Tricia Rachfall recognized for long career in therapeutic recreation
By Colten Kamlade, Staff reporter
A Douglas College instructor made an impact at the BC Therapeutic Association this year when she was presented with the Ingrid Parson’s Professional Achievement Award.
According to the BC Therapeutic Association website, the award is meant to acknowledge such contributions as “a significant contribution in the field of therapeutic recreation, serving in a key leadership position, a contribution for a particular initiative,” or a “series of contributions over an extended period.”
Tricia Rachfall, co-ordinator of the therapeutic recreation program at Douglas College, has spent years spreading her knowledge of therapeutic recreation. In an email interview with the Other Press, Rachfall recalled her work during the 2010 Paralympic Games as some of the most meaningful.
“I organized a number of events, college wide and for the therapeutic recreation students. In the college, my students hosted a series of displays on a variety of Paralympic sports—summer and winter—with representatives and athletes from some of these sports also able to attend. In addition, we had participation opportunities in the gym for a variety of sports, from wheelchair curling—with an indoor adapted set—to wheelchair basketball, to sledge hockey on sleds adapted for indoor use,” she said. “Our students also created write ups on a large portion of the athletes who were going to be participating in the 2010 Winter Paralympics. All these events were hosted at the New West campus, and the community was also invited to attend as well as the entire Douglas College community. Other events that I arranged was to take a busload of TR students up to watch cross-country skiing in Whistler, attend sledge hockey at UBC, and observe wheelchair curling in Vancouver: A once in a lifetime experience for most who participated.”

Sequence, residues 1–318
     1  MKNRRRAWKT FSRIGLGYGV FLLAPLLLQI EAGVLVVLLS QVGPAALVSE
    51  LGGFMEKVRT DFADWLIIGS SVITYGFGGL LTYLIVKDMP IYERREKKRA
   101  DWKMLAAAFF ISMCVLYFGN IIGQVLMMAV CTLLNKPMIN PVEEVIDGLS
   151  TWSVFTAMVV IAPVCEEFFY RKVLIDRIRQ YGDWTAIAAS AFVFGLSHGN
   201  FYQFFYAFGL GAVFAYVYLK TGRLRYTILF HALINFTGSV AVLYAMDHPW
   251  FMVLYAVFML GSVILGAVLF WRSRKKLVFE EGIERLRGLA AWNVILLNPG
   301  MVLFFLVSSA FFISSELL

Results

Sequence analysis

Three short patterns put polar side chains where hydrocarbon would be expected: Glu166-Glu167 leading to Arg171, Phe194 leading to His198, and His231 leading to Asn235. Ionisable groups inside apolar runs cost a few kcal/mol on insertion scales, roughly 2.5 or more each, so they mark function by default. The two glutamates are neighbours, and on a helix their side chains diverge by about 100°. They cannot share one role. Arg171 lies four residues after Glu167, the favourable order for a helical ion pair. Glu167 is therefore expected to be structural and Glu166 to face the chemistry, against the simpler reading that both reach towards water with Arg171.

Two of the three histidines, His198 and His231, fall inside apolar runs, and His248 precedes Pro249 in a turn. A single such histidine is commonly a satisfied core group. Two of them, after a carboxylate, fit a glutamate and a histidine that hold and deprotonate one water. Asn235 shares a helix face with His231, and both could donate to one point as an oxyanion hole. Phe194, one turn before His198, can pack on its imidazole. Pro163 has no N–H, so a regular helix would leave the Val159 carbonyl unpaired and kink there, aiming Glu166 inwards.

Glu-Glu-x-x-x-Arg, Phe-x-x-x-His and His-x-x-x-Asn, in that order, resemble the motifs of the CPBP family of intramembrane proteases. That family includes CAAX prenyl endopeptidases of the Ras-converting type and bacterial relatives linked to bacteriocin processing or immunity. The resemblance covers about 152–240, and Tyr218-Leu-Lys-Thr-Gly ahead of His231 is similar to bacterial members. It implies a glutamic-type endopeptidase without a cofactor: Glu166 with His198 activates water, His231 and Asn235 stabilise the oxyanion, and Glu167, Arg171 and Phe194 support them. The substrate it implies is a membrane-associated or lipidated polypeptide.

Though the 2010 Paralympics were exciting, Rachfall said she views the development of her students as the best part of her job.
“The most rewarding aspect of my job is, by far, the growth of the students. I can think of so many students who came in year one and were struggling to keep up, who were still young and unfocussed, but then to see them walk across the stage as graduates, ready and able to be practitioners and be future leaders, it is pretty incredible to be a part of that,” she said. “It still excites me to teach the new first year students, they inspire me as I hope to inspire them, and just as enjoyable is to teach the fourth year students as they are getting ready to continue on their professional journey.”
Despite her work and the work of fellow instructors, Rachfall believes that many people have misunderstandings about therapeutic recreation.
“I believe many people don’t understand and appreciate how the loss of leisure and recreation in their life could be life-altering, and how most people take it for granted that they can participate in what they want, when they want, how they want,” she said. “Using recreation and leisure as forms of intervention, therapeutic recreation practitioners improve overall health and well-being and assist in the development of skills, knowledge and abilities in leisure, but also that can be transferred into other life skills such as work or relationships. Many people think that therapeutic recreation is just about play and participating in an activity, but it is really developing and improving knowledge, skills and abilities in a recreation environment.”